Our house was #325 Hazard Drive, one door down from Hazard Laboratory School in Albany, Georgia. During the late 50s and into the 60s when I was growing up there, Hazard Drive was a dichotomous slice of black life, one of the east side communities closest to the Flint River. On the north end of the street both sides were lined with wooden houses, mostly rentals, where working folk raised their families, rented rooms to the college students and mostly kept their noses out of the business of struggling for racial justice. On the south end of the street stood Albany State College (ASC), a future lightening rod for the Albany Civil Rights Movement—where internal unrest was already brewing as students members of the NAACP Youth Council stood up against authorities and racism, demanding changes that were not being met by local law enforcement nor the ASC administration.

Enter Charles Sherrod and Cordell Reagon and Charles Jones; at the time all twenty-something field secretaries for the Student Non-Violent Coordinating Committee, or SNCC (pronounced “snick”), a one-year old civil rights organization established on the Shaw University Campus in Raleigh, North Carolina; born out of student-led lunch counter sit-ins. Using youth-led, nonviolent, direct-action tactics, SNCC focused heavily on voter registration, having chosen to work in southwest Georgia because the need was great based on the large numbers of disfranchised blacks not exercising their right to vote. Seems only natural for SNCC to join forces and further mobilize ASC student energy to help accomplish their shared goals, for SNCC knew that the only way to achieve racial equality was to get black voices heard through the polls.

As all of this progressed outside our home, within the government grey walls of 325 Hazard, the Joneses mirrored the polarity of the greater community in our own way. My late sister, Dr. Betty Jean Jones, turned twelve on December 11, 1961. She very much wanted to work in the Movement. I, on the other hand—being only seven—had no clue because our parents sheltered us from the struggle.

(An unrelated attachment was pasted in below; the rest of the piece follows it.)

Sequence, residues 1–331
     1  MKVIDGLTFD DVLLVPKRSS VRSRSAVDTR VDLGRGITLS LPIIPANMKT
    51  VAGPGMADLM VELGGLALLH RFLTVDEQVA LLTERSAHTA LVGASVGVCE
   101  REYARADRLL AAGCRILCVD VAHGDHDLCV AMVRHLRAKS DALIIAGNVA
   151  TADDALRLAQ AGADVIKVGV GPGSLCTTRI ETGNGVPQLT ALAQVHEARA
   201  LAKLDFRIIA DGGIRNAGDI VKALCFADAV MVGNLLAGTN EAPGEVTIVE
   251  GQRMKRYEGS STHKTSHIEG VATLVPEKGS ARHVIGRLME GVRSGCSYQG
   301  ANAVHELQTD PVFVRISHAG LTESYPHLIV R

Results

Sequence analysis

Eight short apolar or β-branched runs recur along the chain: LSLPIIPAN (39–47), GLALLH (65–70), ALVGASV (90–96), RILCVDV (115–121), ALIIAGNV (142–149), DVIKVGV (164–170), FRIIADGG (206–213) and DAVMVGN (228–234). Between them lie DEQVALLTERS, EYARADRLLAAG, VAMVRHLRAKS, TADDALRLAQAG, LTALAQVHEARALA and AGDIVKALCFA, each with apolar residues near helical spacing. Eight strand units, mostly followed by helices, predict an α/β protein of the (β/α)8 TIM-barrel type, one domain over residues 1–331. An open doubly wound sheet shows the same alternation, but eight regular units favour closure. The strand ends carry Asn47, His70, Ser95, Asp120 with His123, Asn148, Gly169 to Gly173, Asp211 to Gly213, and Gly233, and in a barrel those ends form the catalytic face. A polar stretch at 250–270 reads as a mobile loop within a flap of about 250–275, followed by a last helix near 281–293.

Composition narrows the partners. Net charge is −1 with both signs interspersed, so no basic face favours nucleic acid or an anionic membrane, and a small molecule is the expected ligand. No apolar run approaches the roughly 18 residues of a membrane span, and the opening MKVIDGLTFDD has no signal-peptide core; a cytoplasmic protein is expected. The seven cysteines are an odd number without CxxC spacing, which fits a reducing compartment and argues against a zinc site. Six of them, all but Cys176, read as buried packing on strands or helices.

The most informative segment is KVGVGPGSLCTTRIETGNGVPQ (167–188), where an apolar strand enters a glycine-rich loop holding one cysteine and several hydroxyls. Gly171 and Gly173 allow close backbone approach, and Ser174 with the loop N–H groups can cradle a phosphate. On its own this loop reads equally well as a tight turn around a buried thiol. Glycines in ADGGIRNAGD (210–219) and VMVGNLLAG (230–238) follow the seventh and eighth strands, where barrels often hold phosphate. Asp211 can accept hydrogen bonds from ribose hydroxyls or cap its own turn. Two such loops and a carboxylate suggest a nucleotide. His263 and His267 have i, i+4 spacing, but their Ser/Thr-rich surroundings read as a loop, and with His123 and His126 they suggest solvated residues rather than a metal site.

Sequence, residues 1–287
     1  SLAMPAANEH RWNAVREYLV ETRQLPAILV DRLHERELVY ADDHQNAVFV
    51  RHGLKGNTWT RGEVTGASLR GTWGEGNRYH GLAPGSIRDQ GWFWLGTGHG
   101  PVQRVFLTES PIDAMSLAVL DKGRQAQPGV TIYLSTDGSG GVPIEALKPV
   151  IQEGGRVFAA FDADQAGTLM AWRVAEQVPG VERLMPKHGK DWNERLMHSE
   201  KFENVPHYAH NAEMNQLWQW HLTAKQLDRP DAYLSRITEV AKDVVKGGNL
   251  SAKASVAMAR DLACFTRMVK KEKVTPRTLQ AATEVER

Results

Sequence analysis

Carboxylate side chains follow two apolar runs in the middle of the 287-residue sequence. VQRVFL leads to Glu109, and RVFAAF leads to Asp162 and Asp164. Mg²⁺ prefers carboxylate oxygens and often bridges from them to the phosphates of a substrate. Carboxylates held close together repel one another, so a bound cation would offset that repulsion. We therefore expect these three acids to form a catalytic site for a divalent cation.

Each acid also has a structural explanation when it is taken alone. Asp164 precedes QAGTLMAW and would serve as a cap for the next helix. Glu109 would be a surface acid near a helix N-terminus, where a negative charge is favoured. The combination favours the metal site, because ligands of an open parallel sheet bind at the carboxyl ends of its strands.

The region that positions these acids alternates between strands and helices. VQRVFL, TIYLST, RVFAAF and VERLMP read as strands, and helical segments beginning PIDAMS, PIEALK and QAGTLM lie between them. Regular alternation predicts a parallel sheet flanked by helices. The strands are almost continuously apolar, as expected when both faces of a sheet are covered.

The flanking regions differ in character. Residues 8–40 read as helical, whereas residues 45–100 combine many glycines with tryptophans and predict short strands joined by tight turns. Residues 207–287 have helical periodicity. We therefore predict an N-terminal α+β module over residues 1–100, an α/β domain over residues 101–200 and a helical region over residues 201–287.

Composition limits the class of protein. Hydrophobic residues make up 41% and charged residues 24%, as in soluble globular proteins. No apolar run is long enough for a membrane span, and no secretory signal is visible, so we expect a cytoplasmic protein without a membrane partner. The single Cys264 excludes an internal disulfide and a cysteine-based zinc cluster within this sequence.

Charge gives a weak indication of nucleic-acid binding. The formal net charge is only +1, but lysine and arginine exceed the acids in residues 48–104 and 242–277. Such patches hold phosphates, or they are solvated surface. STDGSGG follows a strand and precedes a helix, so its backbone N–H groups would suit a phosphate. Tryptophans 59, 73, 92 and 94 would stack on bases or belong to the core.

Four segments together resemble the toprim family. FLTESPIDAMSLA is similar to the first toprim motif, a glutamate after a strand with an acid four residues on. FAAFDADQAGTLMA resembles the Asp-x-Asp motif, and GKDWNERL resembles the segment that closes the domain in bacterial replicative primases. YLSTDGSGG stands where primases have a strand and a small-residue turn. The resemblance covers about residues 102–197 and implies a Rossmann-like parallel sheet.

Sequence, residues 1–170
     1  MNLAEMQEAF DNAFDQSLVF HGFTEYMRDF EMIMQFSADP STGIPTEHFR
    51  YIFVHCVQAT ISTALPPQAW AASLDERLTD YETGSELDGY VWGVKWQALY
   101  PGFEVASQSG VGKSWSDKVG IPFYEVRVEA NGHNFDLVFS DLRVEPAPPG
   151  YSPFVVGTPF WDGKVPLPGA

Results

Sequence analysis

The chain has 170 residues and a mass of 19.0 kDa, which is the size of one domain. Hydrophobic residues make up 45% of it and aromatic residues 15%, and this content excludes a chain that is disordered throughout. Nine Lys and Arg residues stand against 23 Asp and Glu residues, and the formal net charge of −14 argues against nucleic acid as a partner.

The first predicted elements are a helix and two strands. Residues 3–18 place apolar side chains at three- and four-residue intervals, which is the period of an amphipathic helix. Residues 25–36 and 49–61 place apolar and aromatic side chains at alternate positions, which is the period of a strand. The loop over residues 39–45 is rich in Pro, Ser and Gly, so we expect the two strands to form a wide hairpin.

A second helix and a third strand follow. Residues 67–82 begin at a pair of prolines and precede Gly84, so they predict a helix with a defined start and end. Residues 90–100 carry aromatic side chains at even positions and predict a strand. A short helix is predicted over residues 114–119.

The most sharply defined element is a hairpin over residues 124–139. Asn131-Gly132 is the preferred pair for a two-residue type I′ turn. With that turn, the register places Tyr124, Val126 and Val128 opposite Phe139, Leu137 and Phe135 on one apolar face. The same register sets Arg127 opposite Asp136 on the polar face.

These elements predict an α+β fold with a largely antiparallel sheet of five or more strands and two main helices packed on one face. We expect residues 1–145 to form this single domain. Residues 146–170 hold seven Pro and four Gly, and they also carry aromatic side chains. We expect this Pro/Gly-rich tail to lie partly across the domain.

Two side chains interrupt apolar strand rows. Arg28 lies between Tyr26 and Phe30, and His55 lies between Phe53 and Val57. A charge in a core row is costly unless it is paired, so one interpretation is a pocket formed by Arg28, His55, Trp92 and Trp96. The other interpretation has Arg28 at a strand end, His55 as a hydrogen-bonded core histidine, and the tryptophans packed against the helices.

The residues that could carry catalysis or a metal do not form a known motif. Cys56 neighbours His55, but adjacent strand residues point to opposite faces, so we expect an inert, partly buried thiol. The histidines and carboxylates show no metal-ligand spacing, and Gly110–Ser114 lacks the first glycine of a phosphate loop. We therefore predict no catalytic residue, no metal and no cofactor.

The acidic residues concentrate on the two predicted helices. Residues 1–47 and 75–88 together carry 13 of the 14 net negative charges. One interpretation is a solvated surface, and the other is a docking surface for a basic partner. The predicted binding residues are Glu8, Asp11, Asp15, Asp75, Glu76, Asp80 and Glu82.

That fall I was blissfully starting second grade in Mrs. Pearl Sanders class at Hazard, while Betty, taking the bus to Carver Jr. High across town, wanted to participate in the marches, sit-ins and non-violent protests; to go to jail with others who put their lives on the line. Our parents forbade it. Unlike many other black tweens and teens who joined the Movement, Betty was not one to defy her parents, even though she harbored regrets. How I wish I could talk to her about that now. Betty passed away in January, 1997 in a plane crash at the age of 47.  Would that I could find out what motivated her to want to work in the Movement, and how she processed Silas and Irene Jones’ dominion over her fledgling activism.

When I went back home this past June for the 50th Anniversary of the Albany Movement, I met face-to-face with many who worked in the Movement, and heard first hand many stories of courage and diligence. This left me feeling troubled that my parents chose not to involve our family in that important American event. Later, I shared this with Charles Jones ( no direct relations) and he said, “Sister Jones, they were sheltering you, they wanted to ensure that you would make it to this moment.”  Thanks, Brother Charles, for that insight. I see clearly now that my family’s work is in this story, waiting to go out into the world. This is our contribution.